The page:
Verse 11 is striking; despite how slowly Nehemiah gets there— four months of praying, adoration, confession, all of it—when he gets there, he has a very specific plan and a very specific request worked out. The king could be furious. In fact, Nehemiah says, “I was very much afraid” (2:2). Nehemiah knows there is a lot on the line. This is the king who stopped the work of rebuilding and allowed the marauders to destroy the half-built wall. Now Nehemiah is going to ask him to reverse that decision.
I want to pause here to consider the sovereignty of God at work behind the scenes. We can go back in the book of Ezra and see events that had been unfolding at the highest level of red tape. Letters concerning the legality of the wall rebuilding had flown back and forth at the speed of camel between Jerusalem and Ar- taxerxes’s citadel at Susa. To begin with, we are told in Ezra 4 that Rehum and Shimshai wrote Artaxerxes, accusing the Jews of rebuilding Jerusalem with a view of seceding from the empire and escaping the taxes and revenues due it (vv. 9–16). Artaxerxes responded with his own letter, the order to stop work until he
34 Kathy Keller
could think it over (vv. 17–22). Providentially, he allowed for the issuance of another decree changing his mind (v. 21).
Ezra tells of this halting of work in his and Nehemiah’s time (4:7–23) in the context of telling about the similar halting back in Zerubbabel’s time (4:1–5 and 4:24–6:22). So this persecution is nothing new! But God has sovereignly directed. Under Zerubbabel took place one of the most celebrated victories of clerks and paper pushers everywhere and a shining example of God working behind the scenes through bureaucratic red tape. At that time, enemies also sent letters to the king, then Darius. The governors of the Trans-Euphrates—everything past the Euphrates River—and the little potentates of that region wrote to Darius and tattled that the Jews were rebuilding without permission and were defending their actions by saying first that God had told them to and second that King Cyrus had given them permission in the past and had even returned the gold and silver articles that had been looted from the temple. These tattlers asked for a search of the royal archives of Babylon to see if this so-called decree of Cyrus could be found, and also asked for an answer.
Do you remember that I told you it was important that Cyrus had written his decree down?
King Darius issued the order, the archival search proceeded, and a memorandum was found (Ezra 6:2), a divinely filed memo- randum showing that Cyrus had indeed issued a decree not merely permitting but ordering the rebuilding of Jerusalem. Darius con- veyed this information to the governors, together with the surely unwelcome orders to assist the rebuilding with whatever was needed: money, animals for sacrifice, and anything else requested by the priests in Jerusalem. Anyone ignoring this order would be impaled on a beam taken from his own house. The rest of Ezra 6 describes the joyful completion of the temple rebuilding under Zerubbabel.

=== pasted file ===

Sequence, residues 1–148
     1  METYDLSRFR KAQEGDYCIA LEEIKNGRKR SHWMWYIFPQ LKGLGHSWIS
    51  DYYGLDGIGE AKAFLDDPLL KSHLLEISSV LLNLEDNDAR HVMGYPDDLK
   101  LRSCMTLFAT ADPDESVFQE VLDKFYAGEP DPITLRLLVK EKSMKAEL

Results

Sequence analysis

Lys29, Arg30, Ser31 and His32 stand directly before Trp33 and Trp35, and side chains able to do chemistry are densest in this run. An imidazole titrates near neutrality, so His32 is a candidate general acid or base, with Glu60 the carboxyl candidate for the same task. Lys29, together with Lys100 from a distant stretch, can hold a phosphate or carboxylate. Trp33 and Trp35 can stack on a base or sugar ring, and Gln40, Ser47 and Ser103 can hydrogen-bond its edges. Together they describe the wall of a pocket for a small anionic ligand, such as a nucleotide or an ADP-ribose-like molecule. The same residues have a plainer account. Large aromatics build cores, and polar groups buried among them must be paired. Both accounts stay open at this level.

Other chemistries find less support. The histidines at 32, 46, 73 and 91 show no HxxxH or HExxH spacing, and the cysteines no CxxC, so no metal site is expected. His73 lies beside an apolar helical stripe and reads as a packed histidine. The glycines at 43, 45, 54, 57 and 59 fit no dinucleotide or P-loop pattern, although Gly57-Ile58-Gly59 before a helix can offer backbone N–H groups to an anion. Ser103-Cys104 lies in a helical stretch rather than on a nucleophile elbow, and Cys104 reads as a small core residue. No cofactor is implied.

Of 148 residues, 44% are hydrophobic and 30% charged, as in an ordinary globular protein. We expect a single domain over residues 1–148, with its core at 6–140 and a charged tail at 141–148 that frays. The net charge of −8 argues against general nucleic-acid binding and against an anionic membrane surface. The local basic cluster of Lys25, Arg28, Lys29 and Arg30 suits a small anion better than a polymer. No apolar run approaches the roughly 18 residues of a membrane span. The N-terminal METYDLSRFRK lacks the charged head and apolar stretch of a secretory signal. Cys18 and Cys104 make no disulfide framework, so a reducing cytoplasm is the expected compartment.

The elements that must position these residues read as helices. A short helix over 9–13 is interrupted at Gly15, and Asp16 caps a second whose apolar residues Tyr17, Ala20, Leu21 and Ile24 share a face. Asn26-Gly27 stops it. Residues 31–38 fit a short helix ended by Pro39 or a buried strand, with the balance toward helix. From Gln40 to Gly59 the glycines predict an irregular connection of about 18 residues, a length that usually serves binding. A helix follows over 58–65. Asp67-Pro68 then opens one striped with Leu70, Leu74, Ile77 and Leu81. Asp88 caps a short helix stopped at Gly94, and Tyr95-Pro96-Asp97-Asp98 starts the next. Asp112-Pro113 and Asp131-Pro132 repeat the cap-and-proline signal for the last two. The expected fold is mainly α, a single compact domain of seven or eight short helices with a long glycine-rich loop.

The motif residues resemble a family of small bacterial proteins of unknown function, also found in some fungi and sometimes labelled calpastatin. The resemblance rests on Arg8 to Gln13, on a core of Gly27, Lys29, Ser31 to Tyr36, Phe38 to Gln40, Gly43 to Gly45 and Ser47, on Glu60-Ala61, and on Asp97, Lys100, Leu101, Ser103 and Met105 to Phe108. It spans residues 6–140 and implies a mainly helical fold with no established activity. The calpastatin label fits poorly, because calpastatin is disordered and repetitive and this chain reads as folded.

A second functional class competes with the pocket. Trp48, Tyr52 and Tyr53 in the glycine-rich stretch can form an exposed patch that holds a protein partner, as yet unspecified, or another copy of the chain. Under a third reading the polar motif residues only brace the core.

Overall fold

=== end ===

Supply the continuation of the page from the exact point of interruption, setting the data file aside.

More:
Be careful what you ask for when you ask for a search of the royal archives.
Taking Action in Light of God’s Word 35
The providence and omnipotence of God have been protecting his people through every stage of this painful process of returning and rebuilding. Nehemiah knows this. He knows God’s faithful- ness in the past, and he’s basing his present actions on knowing that God will not stop being faithful to the word he’s spoken to bring the exiles back and to rebuild their city. Like his contempo- rary Esther, he has risen to his position for just such a time as this.
Nehemiah shows the king great deference: “Let the king live forever!” (Neh. 2:3). Then, when the king asks what Nehemiah wants from him, Nehemiah makes his famous brief “arrow prayer,” his inward prayer (v. 4), and essentially goes for broke. If God is going to show him favor, if God is going to continue to fulfill his promise to bring the exiles back to their land and their heritage, it will be now.
First, Nehemiah asks to be allowed to return personally to Je- rusalem. He asks for permission to rebuild it (v. 5). Then he goes further and asks for letters giving the royal seal of approval to his mission so he’ll have safe passage (v. 7). Oh, and one more thing: he asks for carte blanche to access the timber in the royal forest for the building project (v. 8).
The king says yes to everything, and even sends army officers and cavalry soldiers with Nehemiah on his journey back to Jeru- salem (vv. 8–9), possibly as a token of his approval of the project and no doubt also for protection from hostile forces.
Convinced that God has given him the king’s favor for which he prayed, Nehemiah just keeps asking. It reminds me of that line in John Newton’s hymn: “Thou art coming to a King; large peti- tions with thee bring.”4 Newton is actually talking about prayer to God, but Nehemiah gets the principle.
Nehemiah demonstrates, in an almost outlandish way, his con- fidence in God’s Word. If you’re going to ask in line with God’s glory and to further God’s redemptive purposes, ask big—and
4 From the hymn “Come, My Soul, Thy Suit Prepare” by John Newton, 1779.
36 Kathy Keller